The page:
Many of us have either heard of or remember the “Y2k” bug, a software issue in the 1990’s where certain systems were likely to break on January 1, 2000 when date and times would need to rollover to a year ending in 00. Many programmers and software engineers worked on resolving this issue as the nineties drew to a close, and were able to fix most bugs early on to avoid any catastrophes so that our computers and machines could live happily ever after.
Yet another technical quirk which poses a threat to older systems looms on the horizon – 03:14:07 UTC, January 19, 2038.
What is the Year 2038 Problem?
It all starts with how 32-bit UNIX systems keep track of time. These types of systems essentially keep track of time by counting how many seconds have passed since January 1, 1970, often referred to as “the epoch”. When a computer figures out what the time/day/year is, it is storing a single number which represents how long ago January 1, 1970 was in seconds.
Why January 19, 2038?
Consider this method of timekeeping to be like a pitch counter.
To a computer, January 1, 1970 is “0000” like in this picture. Now, as an example, let’s say that you use your pitch counter to keep track of what month it is, so after thirteen months have passed you’d look at your counter and see “0013”. After one hundred and sixty two months, you see “0162” and so on.
Now, say you keep using your counter for months and months and months, and eventually you’ll reach a point where 9999 months have passed. But when you click your counter to go to month 10,000 you end up back at “0000”.
Why is the computer running out of digits?
There is one piece missing from the pitch counter analogy, and that is negative numbers, but we’ll get to that in a moment.
32-bit UNIX systems store this time variable in a 32-bit signed integer. This looks like a big string of ones and zeroes which is 32 characters long, e.g. “01001011011101011001011010001100”.
This is a certain number of seconds represented in binary. In binary, you can represent (2^n) – 1 numbers where “n” is the number of digits you have. So a binary number three digits long could represent up to (2^3) – 1, which is seven.
Because the number a computer uses to keep track of time is 32 bits, or “digits” long, it would be able to represent (2^32) – 1 seconds since 1970. However, because it is “signed” the first digit is basically used as a plus or minus symbol to designate whether it’s a negative or positive number. So it can actually represent any number from “positive (2^31) – 1″ down to “negative (2^31) – 1″.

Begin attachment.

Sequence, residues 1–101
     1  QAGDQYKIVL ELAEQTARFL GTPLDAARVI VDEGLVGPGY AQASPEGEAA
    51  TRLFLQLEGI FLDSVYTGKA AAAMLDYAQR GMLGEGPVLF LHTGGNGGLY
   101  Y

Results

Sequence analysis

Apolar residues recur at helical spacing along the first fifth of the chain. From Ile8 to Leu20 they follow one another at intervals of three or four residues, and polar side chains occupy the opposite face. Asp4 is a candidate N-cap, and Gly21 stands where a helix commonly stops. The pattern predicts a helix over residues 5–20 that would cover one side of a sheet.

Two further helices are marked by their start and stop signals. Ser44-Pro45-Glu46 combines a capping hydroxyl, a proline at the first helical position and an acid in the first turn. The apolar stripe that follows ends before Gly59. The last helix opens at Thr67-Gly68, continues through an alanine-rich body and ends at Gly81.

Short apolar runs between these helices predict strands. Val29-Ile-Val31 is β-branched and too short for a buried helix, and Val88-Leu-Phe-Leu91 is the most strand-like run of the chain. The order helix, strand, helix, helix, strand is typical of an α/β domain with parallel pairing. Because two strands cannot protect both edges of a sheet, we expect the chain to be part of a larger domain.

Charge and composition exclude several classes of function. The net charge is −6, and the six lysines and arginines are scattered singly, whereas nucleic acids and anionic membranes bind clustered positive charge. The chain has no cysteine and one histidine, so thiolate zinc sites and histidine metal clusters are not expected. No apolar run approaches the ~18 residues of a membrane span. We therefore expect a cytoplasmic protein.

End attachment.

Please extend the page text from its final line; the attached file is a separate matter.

This means the biggest number of seconds it can hold with a 32 bit signed integer is (2^31) – 1 seconds, which as a whole number is 2,147,483,647 seconds.
What, then, is “January 1, 1970” plus “2,147,483,647 seconds”?
Exactly 03:14:07, January 19, 2038.
Why can’t we just add more digits?
Like a pitch counter, the number of digits it is able to hold is constrained by how it’s built physically. The CPU and operating system aren’t designed to be able to handle a further date than January 19, 2038.
Newer systems use 64 bits for keeping track of data, which is quite larger than what you can represent with 32 bits. But many systems still using these 32 bit time stamps will encounter problems when 2038 rolls around if they haven’t been switched over to newer systems or upgraded.
Why would anyone still be using these systems 23 years from now?
There are tons of programs and systems which are decades old at this point and are still in use today, and technical bugs so far into the future often weren’t a concern when these programs were originally developed. But now any system which relies on a 32-bit UNIX time stamp such as a database, file system, factory machinery or even file formats will need to be switched over to a 2038 compliant system within the next twenty three years.
That can seem a long way off with plenty of preparation time, especially in a field like technology where everything is constantly evolving, but for a government or company which doesn’t have the funds to rebuild the code used in all the public transit systems or in a hard to access location like a satellite or in a thirty year old database, it will probably be a while before the pressure is on to switch over everything still in use to something new.